The renewables industry has faced headwinds over the past few years, with support for solar PV and onshore wind withdrawn, although offshore wind continues to enjoy access to incentives under the contracts for difference framework. In September 2017, the results of the second auction round were announced, with the winning projects coming away with strike prices that are in some cases half the value of the first round, most notably 3.2 GW of offshore wind capacity.
At the same time, as CMS noted, the withdrawal of subsidies for more established technologies is driving the UK renewables market towards the development of subsidy-free projects and an environment in which developers are exploring opportunities outside the remit of government policy, such as private offtake agreements or power purchase agreements (PPAs) with corporates or large industrial energy users, many of which have an increasing appetite to buy renewable electricity. PPAs alone, however, are unlikely to deliver the level of investment required, so government needs to create a financial environment that helps enable future projects.
In a related development, a report from WindEurope and Swiss Re suggests that hedging will play an increasingly important role in wind energy.
By 2030, only 6% of Europe’s wind energy capacity will be unexposed to market risks through support schemes, down from 75% today. This means that the transition to auctions allocating renewable energy support comes with more exposure to price risk.
One new way to address uncertainty on project revenues is hedging against volume risk, according to The Value of Hedging, WindEurope and Swiss Re Corporate Solutions’ report.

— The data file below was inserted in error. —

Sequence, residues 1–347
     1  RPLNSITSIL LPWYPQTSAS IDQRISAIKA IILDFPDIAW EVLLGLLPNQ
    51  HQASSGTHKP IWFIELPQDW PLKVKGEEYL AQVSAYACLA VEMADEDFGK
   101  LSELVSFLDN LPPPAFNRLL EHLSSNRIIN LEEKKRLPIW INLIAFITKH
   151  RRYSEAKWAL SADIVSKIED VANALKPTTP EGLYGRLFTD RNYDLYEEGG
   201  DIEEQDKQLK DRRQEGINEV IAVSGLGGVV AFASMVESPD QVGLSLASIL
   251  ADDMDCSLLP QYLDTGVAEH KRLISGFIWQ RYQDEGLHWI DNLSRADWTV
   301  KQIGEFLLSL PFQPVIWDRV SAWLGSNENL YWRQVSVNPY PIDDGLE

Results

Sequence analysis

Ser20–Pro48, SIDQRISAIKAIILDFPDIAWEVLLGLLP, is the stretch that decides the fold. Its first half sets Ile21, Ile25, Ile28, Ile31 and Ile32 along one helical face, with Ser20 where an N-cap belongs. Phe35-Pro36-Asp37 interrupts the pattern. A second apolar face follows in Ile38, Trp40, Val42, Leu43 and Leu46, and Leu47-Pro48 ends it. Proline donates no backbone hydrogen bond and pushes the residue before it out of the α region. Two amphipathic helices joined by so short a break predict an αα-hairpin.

Hedging is emerging as an instrument to cover the resource risk of variable wind generation or ‘volume risk’. Auctions, feed-in premiums and PPAs take away some of the price risk. However, they still leave asset owners exposed to a degree of volume risk due to the uncertainty in the total amount and timing of wind output. If there is less wind in a given year, hedging will help to reduce the variability of returns and improves cash flow predictability to asset owners.
Due to the seasonality of wind, project owners can expect 30–45% more wind during winter than summer. An average windfarm of 30 MW may need to hedge for +/-10% annual variations in its production forecast. By reducing the variability of the returns, cash flows move closer to the profile of a fixed-income investment, similar to a bond. The increased certainty improves the capital structure of projects by reducing their cost of capital.
Risk management services such as hedging could extract a value worth €2.5Bn (US$3Bn) for new wind assets installed between 2017 and 2020. This may go up to €7.6Bn for new wind power installations between 2017 and 2030.
WindEurope’s chief policy officer Pierre Tardieu said “Installed wind capacity in Europe could double to 323 GW by 2030. With the growth of the wind energy sector and its increased exposure to price and volume risk, there will be a need for a variety of revenue stabilisation mechanisms.
“Hedging instruments are emerging as a viable solution to mitigate some of these risks. They transfer the risk of the variability in generation from the project company to a counterparty willing to take on that risk. What they offer windfarm owners is more certainty on their income. Certainty can reduce the cost of capital for a project. That is significant now that debt represents 40% and 70% of the capital requirements for offshore and onshore projects respectively.”
Institutional investors add to CIP’s green war chest
Copenhagen Infrastructure Partners (CIP) has raised €2.8Bn (US$3.4Bn) for its Copenhagen Infrastructure III fund, which it intends to use to invest in green energy projects, including offshore wind, in North America, northwest Europe and the Asia Pacific region.
After nine months of fundraising, CIP’s new fund, CI III, closed on 27 December 2017. CIP is targeting a total fund of €3.0Bn. CI III will be open for investor subscription until March 2018. The fund has a €3.5Bn hard cap.